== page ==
• evened out the black to “0”  
  • I also bumped up the contrast by 20 and
  • boosted the clarity. 

Photo summary

I now have a picture that isn’t as mundane as the original.


Again, some of you may think that this is totally over-processed (I can still hear the grumbling), but it adds drama and more color to what was originally just a washed out sky and background.


Rocky Shores

When you don’t have much in the way of a sunset (or sunrise), look around and you’ll find plenty of other options to take pictures of; like lots of wet rocks.  Wet rocks make the best black and white pictures, in my opinion.  I started with the below picture.


Editing the image

After bumping up the exposure to see what I had, I cropped the picture in tight so that the wet rocks in the middle of the picture would be the focal point (thought it looked cool). 

I then added Evolution Preset’s “B&W Statute” to the picture to convert it to black and white.  I adjusted a little bit more on the exposure and the contrast and now you have a moody picture of these wet rocks.



Cape Disappointment (the strangest name ever)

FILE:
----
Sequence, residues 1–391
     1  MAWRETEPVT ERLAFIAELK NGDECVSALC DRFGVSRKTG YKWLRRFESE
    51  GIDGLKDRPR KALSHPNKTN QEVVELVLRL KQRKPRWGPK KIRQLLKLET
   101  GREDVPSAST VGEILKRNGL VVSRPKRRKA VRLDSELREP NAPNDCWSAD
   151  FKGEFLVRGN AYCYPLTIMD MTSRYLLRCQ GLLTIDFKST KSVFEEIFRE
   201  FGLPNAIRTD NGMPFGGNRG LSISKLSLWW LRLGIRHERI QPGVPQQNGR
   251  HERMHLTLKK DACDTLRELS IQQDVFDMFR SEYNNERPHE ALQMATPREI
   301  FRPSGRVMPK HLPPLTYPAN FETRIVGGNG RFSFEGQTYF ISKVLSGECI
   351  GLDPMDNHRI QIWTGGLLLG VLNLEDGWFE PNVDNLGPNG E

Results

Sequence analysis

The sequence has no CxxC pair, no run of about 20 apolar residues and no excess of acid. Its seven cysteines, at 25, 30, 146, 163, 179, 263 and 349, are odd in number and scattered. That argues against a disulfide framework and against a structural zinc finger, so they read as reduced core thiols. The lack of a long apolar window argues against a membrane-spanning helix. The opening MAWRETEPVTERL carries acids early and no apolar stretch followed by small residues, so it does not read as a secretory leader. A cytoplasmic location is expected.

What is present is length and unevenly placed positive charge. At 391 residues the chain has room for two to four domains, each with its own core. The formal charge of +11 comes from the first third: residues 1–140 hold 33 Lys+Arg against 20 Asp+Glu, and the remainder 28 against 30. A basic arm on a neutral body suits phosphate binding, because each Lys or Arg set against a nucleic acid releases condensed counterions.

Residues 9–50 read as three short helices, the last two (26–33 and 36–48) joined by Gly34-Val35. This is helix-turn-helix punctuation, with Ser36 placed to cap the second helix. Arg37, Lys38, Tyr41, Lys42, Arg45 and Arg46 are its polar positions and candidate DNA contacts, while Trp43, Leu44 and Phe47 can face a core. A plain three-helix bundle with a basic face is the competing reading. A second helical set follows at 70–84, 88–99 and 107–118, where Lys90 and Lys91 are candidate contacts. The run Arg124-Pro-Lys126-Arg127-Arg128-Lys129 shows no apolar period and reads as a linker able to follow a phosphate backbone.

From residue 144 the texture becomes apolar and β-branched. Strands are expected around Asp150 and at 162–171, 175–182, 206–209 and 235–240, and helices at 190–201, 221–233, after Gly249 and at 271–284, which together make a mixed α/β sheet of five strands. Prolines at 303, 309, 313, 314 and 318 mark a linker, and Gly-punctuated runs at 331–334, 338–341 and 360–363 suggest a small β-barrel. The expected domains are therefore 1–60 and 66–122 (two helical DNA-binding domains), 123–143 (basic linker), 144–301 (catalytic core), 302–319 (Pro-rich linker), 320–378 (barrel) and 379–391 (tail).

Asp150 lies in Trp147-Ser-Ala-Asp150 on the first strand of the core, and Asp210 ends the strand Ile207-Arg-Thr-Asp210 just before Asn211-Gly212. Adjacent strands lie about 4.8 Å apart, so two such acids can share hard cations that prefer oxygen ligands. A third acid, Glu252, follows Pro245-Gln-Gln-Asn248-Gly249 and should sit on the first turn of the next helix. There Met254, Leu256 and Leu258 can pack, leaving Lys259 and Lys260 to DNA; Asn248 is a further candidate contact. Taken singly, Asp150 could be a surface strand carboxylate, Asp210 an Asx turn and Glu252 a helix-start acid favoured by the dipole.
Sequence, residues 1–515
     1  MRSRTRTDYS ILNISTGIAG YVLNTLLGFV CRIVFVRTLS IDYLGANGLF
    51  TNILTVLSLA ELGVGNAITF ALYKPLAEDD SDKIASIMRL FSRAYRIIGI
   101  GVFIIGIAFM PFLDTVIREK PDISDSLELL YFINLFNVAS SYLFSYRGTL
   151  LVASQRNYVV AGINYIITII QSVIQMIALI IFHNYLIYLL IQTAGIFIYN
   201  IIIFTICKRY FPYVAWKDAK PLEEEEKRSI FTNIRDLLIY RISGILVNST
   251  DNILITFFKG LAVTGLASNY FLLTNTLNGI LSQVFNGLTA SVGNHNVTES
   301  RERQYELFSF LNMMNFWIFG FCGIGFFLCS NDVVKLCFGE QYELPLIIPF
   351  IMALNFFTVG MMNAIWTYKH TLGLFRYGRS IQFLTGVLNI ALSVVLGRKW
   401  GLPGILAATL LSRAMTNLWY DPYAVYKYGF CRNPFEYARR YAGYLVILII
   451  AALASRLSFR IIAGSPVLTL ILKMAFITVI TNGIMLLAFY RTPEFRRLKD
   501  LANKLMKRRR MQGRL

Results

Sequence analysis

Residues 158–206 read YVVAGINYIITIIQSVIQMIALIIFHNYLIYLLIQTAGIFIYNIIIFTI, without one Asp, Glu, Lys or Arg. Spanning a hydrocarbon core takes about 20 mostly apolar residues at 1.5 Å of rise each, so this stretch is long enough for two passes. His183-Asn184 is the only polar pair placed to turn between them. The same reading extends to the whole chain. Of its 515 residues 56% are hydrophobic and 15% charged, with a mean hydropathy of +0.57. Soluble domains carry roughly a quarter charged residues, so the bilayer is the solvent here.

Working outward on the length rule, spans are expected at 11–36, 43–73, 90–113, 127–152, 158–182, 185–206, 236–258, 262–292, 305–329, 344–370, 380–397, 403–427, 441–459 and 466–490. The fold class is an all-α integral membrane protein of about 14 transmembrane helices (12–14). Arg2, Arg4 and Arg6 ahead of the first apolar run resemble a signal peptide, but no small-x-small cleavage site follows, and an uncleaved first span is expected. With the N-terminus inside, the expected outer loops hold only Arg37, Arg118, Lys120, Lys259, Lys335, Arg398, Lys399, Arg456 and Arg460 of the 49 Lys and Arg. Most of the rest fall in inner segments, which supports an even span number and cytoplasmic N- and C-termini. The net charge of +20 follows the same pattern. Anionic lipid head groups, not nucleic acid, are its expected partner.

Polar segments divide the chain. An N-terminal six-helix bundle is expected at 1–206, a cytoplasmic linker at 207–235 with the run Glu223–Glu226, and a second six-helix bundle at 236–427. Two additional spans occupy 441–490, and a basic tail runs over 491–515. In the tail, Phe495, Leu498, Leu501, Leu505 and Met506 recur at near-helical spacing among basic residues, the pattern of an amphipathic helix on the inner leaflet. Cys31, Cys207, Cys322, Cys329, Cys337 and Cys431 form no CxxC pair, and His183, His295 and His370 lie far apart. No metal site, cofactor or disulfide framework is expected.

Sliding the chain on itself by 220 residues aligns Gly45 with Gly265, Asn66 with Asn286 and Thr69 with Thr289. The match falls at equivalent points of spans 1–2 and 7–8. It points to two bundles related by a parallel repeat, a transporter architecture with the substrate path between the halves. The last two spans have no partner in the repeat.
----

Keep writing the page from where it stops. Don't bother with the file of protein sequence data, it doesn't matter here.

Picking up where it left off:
Last example, I promise!  This picture was taken at Cape Disappointment.  It’s a picture of the Cape Disappointment Lighthouse from Waikiki Beach (no, not the one in Hawaii). 

As you can see from the original picture, the lighting was just “blah” that day, but as we’ve covered here on the blog before: some of the best images can be shot in the worst weather

I knew instantly that this was going to be transformed into a black and white picture.  I just needed to figure out my composition. 

I zoomed into 75mm so that I had the cliffs off to the left and the lighthouse centered almost in the middle. Off to the right were a flock of birds flying.  The lighthouse is still the focal point of my shot, however.


Editing the image

I applied the Evolution Preset’s “B&W Rugged Crisp” to the picture.  I then

  • bumped up the clarity and
  • decreased the exposure until I started to see some detail in the sky and the edges started to darken a little. 

Photo summary

It turned out exactly like I had envisioned it in my head before I took the shot.


Part 4: Conclusion

In conclusion, when taking pictures of popular landscapes, try and look at it differently.  Find unique vantage points while keeping in mind how you will process it. 

Will it be black and white, or will you add more color and/or drama to your shot?  You have the power to change the popular and overdone landscapes into something new.  And above all, have fun!


Helpful products mentioned in this post

Evolution Presets

Evolution Presets

Sun Flare Presets